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Preparing Hearty Stews And Bean Soups

Preparing Hearty Stews And Bean Soups

Stews and Bean Soups Offer Rich Flavor

Stews and bean soups are both thick and hearty, and typically rich and flavorful enough to be eaten as a one dish meal. Stews are typically meat based, but there are variations. Bean soups can be made with just about any type of bean including legumes, which are not technically beans but often fall into that category.

Making Traditional Stews

Traditional stews are made in the same way as any standard braise except the ingredients for a stew are cut into bite-sized pieces, thus decreasing the overall cooking time. Stews are typically begun by searing the meat separately and then combining it with the remaining ingredients. The end result of this type of stew is typically dark and rich in color. Sometimes a white stew is desired and is generally made from pale cuts of meat such as chicken or veal. The meat for this dish is first blanched instead of seared to create a luscious, ivory color. Regardless of how the meat is initially treated, the goal is to finish with a dish in which the meat is so tender it practically melts in your mouth. Stews are almost always cooked in stock and contain a variety of vegetables, which are often added at different times during the cooking process depending on how quickly they cook. In addition to meat stews, there are some fish and shellfish based stews. These stews typically cook in less liquid and for a shorter amount of time.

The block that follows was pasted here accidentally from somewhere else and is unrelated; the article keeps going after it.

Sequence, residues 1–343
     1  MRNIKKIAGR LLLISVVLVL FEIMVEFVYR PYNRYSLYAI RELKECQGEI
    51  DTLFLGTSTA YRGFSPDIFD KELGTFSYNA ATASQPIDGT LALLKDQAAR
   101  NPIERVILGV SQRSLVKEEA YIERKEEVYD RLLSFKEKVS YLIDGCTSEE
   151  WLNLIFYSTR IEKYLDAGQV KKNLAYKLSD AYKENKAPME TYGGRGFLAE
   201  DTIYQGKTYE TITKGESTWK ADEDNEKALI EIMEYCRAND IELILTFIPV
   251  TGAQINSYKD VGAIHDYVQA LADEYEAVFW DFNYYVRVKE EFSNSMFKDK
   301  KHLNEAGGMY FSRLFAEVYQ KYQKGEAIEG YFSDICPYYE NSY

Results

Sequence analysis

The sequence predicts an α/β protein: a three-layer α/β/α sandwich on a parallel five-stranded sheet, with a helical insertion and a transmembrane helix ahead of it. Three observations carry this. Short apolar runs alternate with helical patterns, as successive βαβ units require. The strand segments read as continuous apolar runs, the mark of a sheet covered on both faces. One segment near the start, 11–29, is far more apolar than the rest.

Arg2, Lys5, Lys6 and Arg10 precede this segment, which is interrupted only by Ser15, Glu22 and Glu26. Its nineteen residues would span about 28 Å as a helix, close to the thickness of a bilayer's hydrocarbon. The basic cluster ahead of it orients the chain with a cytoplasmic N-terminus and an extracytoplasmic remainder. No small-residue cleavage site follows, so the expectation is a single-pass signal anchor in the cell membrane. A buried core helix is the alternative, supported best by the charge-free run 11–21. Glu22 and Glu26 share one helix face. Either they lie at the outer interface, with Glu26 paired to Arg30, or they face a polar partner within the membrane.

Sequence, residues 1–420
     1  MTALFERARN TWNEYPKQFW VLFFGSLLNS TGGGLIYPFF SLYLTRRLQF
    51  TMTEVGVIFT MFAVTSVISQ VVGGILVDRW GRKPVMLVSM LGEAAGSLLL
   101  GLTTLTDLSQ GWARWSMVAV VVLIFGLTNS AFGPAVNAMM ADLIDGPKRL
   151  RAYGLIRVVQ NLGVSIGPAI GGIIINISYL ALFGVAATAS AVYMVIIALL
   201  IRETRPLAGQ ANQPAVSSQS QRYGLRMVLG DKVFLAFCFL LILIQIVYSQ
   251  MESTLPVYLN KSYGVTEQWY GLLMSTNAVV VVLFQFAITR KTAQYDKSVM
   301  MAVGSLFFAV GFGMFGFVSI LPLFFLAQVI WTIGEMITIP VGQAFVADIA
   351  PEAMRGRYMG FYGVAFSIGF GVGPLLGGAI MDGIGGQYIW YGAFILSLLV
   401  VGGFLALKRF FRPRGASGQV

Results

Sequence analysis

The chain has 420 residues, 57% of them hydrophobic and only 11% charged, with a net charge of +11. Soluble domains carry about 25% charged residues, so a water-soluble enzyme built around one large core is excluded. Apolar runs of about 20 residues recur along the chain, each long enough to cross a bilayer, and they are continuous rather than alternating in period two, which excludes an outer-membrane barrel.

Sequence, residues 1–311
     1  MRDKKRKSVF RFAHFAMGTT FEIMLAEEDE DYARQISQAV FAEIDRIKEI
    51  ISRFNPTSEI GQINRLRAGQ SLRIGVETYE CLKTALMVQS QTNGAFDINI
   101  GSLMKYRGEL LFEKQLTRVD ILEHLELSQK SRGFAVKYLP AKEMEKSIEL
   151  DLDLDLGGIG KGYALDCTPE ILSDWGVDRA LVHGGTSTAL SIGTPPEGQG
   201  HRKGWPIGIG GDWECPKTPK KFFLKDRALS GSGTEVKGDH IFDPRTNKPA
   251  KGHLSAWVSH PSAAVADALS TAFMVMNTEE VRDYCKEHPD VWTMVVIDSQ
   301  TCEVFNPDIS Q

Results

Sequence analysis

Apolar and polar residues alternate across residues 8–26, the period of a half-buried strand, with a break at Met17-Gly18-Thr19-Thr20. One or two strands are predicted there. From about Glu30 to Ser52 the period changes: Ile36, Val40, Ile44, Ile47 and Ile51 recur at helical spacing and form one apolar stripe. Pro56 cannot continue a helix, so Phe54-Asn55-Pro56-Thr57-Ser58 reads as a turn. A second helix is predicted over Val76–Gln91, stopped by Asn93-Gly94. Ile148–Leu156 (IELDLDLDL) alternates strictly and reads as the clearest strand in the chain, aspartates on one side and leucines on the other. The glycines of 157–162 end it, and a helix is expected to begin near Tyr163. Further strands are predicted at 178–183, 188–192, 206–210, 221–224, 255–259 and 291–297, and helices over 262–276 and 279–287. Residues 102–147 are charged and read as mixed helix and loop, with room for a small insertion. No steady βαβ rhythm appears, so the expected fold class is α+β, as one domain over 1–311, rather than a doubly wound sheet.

Dishing Up Rich Bean Soups

Bean soups are rich in texture and usually subtle in actual bean flavor. They can be served as they are made, with the beans left whole, or they can be pureed and strained for a smooth, silky consistency. Beans are often used in broth based soups, left whole to add a burst of individual flavor as they are bitten into with each spoonful. If the clean, natural flavor of the bean is desired, additional ingredients are usually not added except for some subtle vegetables. A simple, sweet white bean puree with the garnish of a flavored oil or sprinkling of a chopped fresh herb is a good example of this. Often, however, the bean is used more for texture than overall flavor and a number of interesting ingredients are added to make a soup with many layers of flavor. A good example of this would be a black bean soup seasoned with bright, piquant spices and chiles and limes to give it some extra zip.

About the Author

After receiving degrees from the University of Wisconsin and the Culinary Institute of America, Andrea Rappaport moved into a full-time career in the restaurant business. For over 12 years, she worked in various culinary jobs, including as a cook for Wolfgang Puck at Spago, and ultimately as the executive chef and partner of the highly revered San Francisco restaurant Zinzino. For the past seven years, Andrea has worked as the private chef for one family in the San Francisco area, and continues to expand her culinary portfolio by catering, teaching, and consulting.